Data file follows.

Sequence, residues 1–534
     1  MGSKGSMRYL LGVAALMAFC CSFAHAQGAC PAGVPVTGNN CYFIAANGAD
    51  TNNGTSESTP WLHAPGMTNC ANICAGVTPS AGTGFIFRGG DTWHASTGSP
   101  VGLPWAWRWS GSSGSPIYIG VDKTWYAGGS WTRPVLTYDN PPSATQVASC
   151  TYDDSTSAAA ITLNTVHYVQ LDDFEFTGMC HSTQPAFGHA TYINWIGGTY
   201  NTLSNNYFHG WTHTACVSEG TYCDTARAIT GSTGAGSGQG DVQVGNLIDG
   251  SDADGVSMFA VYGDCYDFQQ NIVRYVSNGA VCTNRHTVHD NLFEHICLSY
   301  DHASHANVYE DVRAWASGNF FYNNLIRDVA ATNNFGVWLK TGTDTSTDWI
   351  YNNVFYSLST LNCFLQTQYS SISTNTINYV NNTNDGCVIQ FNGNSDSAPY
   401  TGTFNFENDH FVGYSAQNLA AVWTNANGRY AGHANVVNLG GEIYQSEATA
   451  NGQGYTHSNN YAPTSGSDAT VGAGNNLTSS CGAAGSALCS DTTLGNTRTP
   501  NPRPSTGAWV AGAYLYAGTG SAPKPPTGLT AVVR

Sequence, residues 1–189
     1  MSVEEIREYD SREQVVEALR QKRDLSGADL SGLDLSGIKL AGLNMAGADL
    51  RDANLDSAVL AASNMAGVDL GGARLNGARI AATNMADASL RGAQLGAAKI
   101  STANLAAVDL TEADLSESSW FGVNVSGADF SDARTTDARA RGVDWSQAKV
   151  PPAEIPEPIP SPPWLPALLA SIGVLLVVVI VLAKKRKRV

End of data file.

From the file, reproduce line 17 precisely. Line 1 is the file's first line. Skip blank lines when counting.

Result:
   151  PPAEIPEPIP SPPWLPALLA SIGVLLVVVI VLAKKRKRV